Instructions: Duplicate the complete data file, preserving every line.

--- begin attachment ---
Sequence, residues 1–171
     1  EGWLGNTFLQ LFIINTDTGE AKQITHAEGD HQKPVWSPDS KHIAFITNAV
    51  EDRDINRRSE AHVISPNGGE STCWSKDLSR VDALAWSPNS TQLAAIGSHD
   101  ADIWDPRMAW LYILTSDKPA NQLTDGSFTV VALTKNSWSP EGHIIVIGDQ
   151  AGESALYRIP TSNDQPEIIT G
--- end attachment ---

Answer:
Sequence, residues 1–171
     1  EGWLGNTFLQ LFIINTDTGE AKQITHAEGD HQKPVWSPDS KHIAFITNAV
    51  EDRDINRRSE AHVISPNGGE STCWSKDLSR VDALAWSPNS TQLAAIGSHD
   101  ADIWDPRMAW LYILTSDKPA NQLTDGSFTV VALTKNSWSP EGHIIVIGDQ
   151  AGESALYRIP TSNDQPEIIT G